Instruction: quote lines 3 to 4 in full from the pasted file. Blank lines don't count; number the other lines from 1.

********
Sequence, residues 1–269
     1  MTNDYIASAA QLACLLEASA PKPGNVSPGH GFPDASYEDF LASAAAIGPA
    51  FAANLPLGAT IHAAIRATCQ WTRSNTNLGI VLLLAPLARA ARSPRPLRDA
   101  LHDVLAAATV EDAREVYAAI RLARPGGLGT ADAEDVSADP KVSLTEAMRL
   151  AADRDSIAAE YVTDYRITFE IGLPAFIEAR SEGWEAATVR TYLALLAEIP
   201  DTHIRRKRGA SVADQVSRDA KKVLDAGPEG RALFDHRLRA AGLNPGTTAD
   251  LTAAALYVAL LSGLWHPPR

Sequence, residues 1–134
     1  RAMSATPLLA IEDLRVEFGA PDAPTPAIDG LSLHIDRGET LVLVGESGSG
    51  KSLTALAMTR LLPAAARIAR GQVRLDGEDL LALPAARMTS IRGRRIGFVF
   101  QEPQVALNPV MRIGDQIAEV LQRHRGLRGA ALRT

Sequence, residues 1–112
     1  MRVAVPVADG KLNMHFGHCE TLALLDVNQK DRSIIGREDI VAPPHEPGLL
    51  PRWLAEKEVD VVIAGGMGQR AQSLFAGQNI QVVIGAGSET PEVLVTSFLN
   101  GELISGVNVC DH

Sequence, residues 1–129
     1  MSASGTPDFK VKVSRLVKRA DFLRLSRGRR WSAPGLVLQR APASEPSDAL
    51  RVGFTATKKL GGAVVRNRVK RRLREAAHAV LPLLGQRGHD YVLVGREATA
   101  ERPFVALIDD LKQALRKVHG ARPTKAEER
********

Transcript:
    51  FAANLPLGAT IHAAIRATCQ WTRSNTNLGI VLLLAPLARA ARSPRPLRDA
   101  LHDVLAAATV EDAREVYAAI RLARPGGLGT ADAEDVSADP KVSLTEAMRL